One out of every five times I boot up my clicker software — a process that takes nearly 120 seconds on my MacBook — the program crashes. Re-booting requires a full-system re-start. I desperately want to make the move to personal digital device dependence in my classes.
Not only would a cloud-based solution be more dependable, but it could also be multi-dimensional. In addition to collecting real-time data from multiple-choice question responses, I could examine student text entry to free-response questions. Word clouds could help me quickly identify conceptual trends. Students could share, rank, and respond to questions they generate themselves about the material we are studying.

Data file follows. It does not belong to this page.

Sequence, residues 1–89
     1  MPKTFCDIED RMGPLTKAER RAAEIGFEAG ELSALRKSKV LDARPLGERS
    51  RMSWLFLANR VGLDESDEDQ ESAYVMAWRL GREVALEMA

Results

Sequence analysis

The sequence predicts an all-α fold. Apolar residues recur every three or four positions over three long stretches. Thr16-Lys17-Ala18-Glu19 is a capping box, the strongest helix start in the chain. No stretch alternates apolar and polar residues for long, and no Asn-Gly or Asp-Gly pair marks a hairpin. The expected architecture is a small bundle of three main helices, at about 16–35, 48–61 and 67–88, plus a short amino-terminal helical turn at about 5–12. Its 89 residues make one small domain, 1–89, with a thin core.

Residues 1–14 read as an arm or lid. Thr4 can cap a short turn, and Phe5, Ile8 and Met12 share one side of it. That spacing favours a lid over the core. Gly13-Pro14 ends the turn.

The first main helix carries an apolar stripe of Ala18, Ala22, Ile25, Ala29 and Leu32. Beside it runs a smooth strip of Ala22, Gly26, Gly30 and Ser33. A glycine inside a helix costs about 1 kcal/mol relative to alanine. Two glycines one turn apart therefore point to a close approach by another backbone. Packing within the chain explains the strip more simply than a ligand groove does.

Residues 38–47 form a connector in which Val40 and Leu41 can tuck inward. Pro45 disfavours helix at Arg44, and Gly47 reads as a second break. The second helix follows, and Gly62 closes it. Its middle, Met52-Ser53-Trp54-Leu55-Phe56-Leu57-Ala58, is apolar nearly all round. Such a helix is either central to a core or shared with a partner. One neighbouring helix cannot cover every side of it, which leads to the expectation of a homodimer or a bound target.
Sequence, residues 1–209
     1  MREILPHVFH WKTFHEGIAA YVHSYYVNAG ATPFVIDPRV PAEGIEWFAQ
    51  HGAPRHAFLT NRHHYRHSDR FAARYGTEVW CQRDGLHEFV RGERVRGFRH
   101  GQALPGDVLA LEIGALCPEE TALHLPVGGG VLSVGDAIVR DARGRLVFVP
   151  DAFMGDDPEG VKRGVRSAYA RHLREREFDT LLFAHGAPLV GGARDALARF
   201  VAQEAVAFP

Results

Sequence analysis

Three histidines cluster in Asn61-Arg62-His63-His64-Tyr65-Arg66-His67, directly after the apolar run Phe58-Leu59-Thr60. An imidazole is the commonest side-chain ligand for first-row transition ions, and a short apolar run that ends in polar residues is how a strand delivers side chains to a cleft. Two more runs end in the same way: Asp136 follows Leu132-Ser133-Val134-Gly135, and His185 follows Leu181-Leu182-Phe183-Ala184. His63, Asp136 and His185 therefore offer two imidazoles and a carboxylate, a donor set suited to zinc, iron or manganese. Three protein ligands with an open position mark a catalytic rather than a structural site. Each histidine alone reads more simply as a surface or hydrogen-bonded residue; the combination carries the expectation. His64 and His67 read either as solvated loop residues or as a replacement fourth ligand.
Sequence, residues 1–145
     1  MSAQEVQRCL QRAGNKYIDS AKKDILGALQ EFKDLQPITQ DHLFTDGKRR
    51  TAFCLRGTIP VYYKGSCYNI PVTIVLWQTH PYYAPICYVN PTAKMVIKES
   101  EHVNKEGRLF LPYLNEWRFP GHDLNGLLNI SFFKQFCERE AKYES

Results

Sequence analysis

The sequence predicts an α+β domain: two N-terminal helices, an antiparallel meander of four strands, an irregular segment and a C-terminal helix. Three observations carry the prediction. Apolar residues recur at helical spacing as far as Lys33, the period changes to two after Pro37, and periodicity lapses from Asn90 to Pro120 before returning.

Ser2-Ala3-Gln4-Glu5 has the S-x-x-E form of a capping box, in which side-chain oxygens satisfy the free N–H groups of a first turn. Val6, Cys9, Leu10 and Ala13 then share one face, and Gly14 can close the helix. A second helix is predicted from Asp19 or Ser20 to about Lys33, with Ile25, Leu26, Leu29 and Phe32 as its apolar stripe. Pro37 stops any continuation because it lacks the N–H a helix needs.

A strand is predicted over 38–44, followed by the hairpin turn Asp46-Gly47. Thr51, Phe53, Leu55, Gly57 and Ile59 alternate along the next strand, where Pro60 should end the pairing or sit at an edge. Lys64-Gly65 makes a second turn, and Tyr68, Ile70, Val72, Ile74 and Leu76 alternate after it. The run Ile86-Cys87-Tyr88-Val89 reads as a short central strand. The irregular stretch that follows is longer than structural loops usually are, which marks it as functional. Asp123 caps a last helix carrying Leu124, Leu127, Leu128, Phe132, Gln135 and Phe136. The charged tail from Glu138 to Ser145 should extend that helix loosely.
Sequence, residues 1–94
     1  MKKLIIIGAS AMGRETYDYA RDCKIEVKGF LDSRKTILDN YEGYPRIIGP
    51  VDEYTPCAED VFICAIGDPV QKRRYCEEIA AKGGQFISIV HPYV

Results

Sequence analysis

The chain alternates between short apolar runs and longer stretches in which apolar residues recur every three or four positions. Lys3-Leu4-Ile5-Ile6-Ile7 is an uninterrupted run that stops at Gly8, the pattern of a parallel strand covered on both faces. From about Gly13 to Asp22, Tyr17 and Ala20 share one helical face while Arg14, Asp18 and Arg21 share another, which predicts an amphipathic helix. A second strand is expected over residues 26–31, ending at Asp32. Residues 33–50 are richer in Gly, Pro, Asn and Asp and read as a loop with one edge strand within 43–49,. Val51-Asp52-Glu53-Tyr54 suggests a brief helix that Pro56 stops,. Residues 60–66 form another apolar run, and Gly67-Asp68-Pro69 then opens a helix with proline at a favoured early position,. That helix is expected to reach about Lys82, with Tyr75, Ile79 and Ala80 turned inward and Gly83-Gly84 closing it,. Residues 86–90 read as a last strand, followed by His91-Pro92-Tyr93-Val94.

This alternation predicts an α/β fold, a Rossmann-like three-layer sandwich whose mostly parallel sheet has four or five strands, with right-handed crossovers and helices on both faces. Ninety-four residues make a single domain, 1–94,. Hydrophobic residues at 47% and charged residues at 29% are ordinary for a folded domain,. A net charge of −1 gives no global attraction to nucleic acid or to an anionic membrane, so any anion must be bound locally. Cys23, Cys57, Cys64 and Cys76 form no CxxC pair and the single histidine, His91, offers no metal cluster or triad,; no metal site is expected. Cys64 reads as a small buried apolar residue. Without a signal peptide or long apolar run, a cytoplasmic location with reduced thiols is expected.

If the students had their own web-enabled devices, I could experiment with a classroom backchannel during demonstrations and labs. Group problem-solving work could focus more on scenarios that bring out critical thinking. I could teach them to use tools like Wolfram Alpha’s course assistant apps to access basic concepts when they need them. I might even make the plunge to flip my classroom toward that same end.